Trewen: some prospered; some didn’t

Trewen is another of those easily missed small farming parishes west of Launceston. However, not all of its inhabitants in the 1850s were farmers or farm labourers. William and Ann Staddon had moved from east Devon to South Petherwin to the east of Trewen in the late 1840s. They were described in 1851 as schoolmaster and schoolmistress, presumably running a school in the village. By 1861 Ann had moved again to Pipers Pool in Trewen. She was still teaching although there was no sign of William and her status read ‘unmarried’.

Her son Joseph Sanders Staddon left home in the 1860s for London. In 1871 he was lodging with a tailor’s family from Cornwall at Shoreditch in the east end of the city while himself working as a tailor. Tailoring was a low paid domestic occupation tediously repetitive and needing long hours of work to earn a half-decent income.

Shortly before his death the Hackney Poor Law Union was investigating whether Joseph had a settlement claim in their area. They concluded he was ‘irremoveable’.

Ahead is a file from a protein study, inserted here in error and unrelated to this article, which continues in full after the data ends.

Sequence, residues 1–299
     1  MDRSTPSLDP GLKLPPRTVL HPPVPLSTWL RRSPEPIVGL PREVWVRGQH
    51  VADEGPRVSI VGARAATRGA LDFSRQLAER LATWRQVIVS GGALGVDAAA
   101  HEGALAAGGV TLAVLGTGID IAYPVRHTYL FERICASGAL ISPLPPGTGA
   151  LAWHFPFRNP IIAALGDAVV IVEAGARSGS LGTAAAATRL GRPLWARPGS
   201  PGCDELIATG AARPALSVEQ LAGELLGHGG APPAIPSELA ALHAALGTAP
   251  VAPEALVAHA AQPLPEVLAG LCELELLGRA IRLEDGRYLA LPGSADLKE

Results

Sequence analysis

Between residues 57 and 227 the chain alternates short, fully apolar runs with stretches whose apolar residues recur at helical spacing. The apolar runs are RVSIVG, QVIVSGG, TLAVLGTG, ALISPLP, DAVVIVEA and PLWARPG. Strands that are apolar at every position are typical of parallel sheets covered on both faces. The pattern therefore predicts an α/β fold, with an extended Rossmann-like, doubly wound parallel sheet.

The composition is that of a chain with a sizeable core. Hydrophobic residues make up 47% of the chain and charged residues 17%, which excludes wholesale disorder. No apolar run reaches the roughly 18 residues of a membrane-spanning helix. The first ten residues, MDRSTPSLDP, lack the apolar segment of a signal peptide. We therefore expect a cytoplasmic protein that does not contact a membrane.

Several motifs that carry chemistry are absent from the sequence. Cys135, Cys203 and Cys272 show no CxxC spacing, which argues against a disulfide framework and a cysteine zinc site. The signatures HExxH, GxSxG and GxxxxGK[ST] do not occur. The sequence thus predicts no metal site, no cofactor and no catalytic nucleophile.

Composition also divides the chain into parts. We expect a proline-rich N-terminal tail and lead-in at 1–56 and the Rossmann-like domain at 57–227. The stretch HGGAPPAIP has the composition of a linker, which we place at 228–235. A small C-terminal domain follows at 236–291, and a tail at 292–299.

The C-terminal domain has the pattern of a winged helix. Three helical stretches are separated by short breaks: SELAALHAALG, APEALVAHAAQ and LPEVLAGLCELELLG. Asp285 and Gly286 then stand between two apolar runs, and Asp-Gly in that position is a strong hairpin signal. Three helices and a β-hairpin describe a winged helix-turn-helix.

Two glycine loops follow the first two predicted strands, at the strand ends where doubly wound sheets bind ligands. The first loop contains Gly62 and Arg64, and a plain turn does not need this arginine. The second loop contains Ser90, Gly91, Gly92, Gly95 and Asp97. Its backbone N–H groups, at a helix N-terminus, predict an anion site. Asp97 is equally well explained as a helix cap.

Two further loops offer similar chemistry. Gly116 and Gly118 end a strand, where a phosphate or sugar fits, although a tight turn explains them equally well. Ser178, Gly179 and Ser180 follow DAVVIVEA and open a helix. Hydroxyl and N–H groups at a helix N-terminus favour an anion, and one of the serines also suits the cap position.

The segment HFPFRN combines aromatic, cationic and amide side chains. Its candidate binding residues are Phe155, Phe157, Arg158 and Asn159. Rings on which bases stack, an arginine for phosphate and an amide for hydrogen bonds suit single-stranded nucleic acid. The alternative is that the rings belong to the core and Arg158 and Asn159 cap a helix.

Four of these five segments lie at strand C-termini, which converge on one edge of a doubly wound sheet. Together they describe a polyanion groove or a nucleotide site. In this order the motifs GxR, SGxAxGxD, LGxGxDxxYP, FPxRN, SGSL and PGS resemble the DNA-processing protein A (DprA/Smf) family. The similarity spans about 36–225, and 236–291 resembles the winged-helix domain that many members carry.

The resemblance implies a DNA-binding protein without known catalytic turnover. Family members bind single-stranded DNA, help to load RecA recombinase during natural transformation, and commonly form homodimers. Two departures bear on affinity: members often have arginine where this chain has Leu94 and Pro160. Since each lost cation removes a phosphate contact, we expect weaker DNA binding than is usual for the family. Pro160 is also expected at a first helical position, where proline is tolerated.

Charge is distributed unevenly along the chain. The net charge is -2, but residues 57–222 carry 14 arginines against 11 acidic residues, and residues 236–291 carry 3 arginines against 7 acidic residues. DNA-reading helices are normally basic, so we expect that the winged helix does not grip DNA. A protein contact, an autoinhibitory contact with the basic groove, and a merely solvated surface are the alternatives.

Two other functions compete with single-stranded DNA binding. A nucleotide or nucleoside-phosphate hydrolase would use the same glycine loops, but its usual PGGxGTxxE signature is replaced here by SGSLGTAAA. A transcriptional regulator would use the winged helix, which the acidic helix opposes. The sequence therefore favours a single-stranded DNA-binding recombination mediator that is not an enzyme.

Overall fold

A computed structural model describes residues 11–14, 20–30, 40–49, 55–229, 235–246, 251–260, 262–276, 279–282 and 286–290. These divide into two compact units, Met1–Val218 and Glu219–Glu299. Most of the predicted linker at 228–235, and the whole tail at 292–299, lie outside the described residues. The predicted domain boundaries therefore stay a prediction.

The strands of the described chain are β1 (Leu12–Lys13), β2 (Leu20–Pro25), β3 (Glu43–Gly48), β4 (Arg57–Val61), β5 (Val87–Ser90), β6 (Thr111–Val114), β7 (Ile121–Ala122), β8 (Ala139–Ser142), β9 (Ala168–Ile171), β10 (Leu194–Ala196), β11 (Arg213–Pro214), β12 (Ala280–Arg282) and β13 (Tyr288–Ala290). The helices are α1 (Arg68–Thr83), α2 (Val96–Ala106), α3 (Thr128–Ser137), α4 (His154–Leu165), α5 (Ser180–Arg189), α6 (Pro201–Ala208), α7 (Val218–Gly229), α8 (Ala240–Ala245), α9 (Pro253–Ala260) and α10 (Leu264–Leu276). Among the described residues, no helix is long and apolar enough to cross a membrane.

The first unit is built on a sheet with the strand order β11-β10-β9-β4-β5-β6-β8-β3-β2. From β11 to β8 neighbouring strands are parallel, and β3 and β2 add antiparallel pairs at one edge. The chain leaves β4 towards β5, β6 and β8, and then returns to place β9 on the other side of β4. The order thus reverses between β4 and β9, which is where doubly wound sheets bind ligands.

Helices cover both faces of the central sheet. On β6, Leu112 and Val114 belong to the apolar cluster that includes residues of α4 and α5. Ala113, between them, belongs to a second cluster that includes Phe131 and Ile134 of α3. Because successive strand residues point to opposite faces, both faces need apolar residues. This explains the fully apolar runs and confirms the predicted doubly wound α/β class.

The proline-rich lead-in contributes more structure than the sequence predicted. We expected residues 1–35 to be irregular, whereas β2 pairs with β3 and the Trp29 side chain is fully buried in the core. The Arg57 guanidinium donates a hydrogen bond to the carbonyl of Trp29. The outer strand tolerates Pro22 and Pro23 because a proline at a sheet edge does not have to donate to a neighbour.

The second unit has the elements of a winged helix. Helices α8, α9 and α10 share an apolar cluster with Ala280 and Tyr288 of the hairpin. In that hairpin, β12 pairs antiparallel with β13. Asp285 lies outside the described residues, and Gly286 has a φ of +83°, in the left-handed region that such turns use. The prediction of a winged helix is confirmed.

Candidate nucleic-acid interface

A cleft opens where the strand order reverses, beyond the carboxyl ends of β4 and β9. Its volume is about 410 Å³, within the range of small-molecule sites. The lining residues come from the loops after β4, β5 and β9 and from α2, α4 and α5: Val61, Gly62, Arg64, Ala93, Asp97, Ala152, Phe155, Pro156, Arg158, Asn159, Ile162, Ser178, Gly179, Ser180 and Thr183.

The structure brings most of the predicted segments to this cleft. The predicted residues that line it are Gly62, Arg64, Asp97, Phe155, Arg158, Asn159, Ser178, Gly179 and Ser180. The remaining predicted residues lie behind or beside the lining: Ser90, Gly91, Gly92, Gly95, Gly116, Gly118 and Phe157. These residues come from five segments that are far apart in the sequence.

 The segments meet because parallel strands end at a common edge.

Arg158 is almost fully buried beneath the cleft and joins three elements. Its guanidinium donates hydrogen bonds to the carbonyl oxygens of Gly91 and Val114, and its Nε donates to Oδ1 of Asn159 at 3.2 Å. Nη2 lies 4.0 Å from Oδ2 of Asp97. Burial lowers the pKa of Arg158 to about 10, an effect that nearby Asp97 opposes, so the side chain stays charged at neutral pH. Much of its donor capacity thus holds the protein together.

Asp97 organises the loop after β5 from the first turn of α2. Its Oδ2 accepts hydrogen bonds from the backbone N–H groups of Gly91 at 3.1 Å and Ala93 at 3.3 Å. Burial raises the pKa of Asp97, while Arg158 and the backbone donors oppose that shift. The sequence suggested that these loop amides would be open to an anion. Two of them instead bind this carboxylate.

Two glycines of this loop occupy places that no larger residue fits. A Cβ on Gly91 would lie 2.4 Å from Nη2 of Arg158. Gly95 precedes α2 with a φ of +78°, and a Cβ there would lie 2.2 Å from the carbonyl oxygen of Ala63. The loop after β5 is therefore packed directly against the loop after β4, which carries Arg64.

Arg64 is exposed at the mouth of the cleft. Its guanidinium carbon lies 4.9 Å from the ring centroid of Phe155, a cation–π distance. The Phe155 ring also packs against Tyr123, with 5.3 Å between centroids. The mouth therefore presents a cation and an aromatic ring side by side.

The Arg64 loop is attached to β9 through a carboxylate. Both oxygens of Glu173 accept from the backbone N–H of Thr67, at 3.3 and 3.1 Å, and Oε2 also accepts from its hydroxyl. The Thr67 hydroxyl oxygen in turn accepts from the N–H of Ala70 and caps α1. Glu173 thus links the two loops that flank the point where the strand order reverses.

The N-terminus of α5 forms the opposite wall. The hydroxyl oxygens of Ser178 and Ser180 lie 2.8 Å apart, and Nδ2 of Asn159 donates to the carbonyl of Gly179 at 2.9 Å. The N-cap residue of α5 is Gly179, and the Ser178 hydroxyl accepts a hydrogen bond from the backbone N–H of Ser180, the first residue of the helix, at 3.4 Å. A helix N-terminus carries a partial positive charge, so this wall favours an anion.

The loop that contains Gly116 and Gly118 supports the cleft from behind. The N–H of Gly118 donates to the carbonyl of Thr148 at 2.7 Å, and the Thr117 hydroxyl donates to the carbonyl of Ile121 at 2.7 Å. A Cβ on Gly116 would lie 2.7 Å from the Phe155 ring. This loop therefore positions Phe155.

Things got even harder for Joseph after his wife Martha, who he had married in 1871, died in 1886. The year 1891 found him living with his 14 year old son and nine year old daughter in a two-roomed flat in Shoreditch. He was still recorded there in 1901 but four years later was resident in Hackney workhouse. At the time he was suffering from a chest complaint, having previously spent three months in prison. The unfortunate Joseph died soon after.

A neighbour of Joseph Staddon at Pipers Pool in 1861 was John Frayn, the 11 year old son of the village blacksmith Robert. Smithies were often located at crossroads to maximise potential business and Robert’s, on the main road from Launceston to Camelford, looks to have prospered.  John duly followed his father into the trade and had taken over the business by 1881, marrying three years earlier. He and his wife then moved to St Stephens by Launceston, where he continued his blacksmith’s trade employing others as well as a family servant.

The possible site of the Frayns’ smithy at Pipers Pool, now ignored by the traffic rushing along the main road